Using the exec family of system calls

The job of exec is to replace the current process with a new process. Note the use of the word replace. Once you call exec, the current process is gone and the new process starts. If you want to create a separate process, you must first fork, and then exec the new binary within the child process. Listing 4 shows such a scenario.

The code in Listing 4 first defines an array, with the first element being the path to the binary that is to be executed, and the remaining elements acting as the command-line parameters. The array is null-terminated per the man pages. After returning from the fork system call, the child process is instructed to execv the new binary.

The call to execv first takes a pointer to the name of the binary to be run, and then a pointer to the array of parameters that you declared earlier. The first element of the array is actually the name of the binary, so it’s really the second element where the parameters start. Note that the child process never returns from the call to execv. This shows that the running process is replaced by the new process.

There are other system calls to exec a process, and they differ by how they accept parameters and if environment variables need to be passed. execv(2) is one of the simpler ways to replace the current image, because it doesn’t need information about the environment and it uses the null-terminated array. Other options are execl(2), which takes the parameters in individual arguments, or execvp(2), which also takes a null-terminated array of environment variables. To make matters more complicated, not all operating systems support all variants. The decision of which one to use depends on the platform, coding style, and whether you need to define any environment variables.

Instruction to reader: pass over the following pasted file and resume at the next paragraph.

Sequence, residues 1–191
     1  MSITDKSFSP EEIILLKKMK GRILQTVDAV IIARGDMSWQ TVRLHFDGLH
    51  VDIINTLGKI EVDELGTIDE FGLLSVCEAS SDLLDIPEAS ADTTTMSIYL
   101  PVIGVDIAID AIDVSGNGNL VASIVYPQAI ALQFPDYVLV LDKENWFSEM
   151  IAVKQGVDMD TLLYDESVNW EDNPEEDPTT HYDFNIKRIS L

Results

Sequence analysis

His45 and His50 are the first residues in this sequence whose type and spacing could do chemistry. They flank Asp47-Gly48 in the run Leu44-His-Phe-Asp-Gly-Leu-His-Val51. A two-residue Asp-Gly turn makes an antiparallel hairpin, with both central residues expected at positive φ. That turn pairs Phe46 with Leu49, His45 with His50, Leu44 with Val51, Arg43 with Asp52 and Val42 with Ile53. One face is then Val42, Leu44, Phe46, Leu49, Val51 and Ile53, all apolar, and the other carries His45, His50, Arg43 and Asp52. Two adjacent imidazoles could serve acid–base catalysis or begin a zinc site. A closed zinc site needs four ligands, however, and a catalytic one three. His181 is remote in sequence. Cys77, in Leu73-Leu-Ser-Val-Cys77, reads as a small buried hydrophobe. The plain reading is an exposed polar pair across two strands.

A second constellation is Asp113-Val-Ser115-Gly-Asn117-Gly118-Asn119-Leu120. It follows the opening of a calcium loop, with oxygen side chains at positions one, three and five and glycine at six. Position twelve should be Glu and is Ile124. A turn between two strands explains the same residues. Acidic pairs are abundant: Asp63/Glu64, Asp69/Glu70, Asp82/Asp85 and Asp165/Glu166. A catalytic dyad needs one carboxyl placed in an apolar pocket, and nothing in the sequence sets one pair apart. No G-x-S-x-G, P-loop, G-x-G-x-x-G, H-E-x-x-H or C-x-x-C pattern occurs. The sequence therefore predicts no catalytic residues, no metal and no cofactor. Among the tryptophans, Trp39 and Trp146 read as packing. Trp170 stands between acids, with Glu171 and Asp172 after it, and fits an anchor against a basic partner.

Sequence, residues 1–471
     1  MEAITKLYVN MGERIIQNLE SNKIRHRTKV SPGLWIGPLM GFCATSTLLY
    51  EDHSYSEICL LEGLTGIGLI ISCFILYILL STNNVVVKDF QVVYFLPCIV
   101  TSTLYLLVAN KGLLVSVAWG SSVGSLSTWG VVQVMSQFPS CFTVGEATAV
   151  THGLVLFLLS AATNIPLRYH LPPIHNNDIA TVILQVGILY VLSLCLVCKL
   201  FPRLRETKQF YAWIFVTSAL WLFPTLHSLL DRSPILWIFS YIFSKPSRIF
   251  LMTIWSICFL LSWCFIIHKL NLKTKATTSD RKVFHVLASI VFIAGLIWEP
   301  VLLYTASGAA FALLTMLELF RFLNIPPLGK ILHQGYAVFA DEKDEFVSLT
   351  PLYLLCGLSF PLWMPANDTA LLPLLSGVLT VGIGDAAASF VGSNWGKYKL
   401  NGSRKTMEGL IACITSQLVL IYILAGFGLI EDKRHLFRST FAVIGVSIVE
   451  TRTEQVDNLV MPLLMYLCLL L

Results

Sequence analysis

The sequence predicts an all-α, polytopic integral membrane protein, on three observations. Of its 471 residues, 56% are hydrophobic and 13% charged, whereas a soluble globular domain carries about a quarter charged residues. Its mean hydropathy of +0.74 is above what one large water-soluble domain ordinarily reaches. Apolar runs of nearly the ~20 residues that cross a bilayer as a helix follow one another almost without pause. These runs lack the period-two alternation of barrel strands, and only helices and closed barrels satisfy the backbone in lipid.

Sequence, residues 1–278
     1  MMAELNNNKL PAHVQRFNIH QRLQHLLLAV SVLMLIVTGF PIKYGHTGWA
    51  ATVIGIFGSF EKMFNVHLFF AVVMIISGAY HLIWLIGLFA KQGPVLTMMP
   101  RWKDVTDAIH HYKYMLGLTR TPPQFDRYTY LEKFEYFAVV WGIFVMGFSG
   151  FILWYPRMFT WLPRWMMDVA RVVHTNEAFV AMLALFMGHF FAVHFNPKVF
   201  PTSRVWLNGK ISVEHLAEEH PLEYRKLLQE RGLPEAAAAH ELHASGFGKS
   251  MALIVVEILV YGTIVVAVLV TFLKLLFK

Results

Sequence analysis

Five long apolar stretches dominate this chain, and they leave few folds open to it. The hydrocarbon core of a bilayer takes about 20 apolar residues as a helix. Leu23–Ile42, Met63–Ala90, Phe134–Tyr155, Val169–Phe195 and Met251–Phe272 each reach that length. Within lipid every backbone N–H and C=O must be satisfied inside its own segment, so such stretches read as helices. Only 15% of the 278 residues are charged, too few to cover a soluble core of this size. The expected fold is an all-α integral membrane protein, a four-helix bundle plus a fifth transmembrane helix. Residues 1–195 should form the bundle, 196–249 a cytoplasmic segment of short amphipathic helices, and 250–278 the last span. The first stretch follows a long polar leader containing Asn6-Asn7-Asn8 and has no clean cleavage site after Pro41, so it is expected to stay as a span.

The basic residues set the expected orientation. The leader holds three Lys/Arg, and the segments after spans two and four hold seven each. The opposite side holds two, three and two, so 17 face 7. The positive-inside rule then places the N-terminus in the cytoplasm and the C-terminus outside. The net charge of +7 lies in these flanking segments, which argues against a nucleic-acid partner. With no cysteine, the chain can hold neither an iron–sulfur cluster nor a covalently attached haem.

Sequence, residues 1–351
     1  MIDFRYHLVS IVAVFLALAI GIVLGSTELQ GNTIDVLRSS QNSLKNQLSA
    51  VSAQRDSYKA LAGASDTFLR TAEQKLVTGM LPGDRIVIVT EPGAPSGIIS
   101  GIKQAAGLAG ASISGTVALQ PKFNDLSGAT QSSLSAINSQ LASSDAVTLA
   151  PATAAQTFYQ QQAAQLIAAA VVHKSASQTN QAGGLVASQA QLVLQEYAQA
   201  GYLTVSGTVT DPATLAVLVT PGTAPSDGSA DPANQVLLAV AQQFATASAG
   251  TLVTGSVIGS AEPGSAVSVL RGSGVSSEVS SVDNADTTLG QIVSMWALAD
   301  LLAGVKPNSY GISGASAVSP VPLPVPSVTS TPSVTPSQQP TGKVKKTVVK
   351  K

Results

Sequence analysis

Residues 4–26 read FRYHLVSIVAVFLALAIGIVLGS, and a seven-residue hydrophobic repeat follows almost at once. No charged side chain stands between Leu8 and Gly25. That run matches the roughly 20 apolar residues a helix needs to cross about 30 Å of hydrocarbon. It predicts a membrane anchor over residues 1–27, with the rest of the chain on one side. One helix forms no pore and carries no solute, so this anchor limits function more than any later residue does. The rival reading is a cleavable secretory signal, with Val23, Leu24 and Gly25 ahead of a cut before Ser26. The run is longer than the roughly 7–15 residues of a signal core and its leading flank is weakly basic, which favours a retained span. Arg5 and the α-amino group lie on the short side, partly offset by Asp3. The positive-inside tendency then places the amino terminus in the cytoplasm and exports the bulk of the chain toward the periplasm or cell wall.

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SummarySummary

UNIX processes are created when one process calls fork, which splits the running executable into two. The process can then execute one of the system calls in the exec family, which replaces the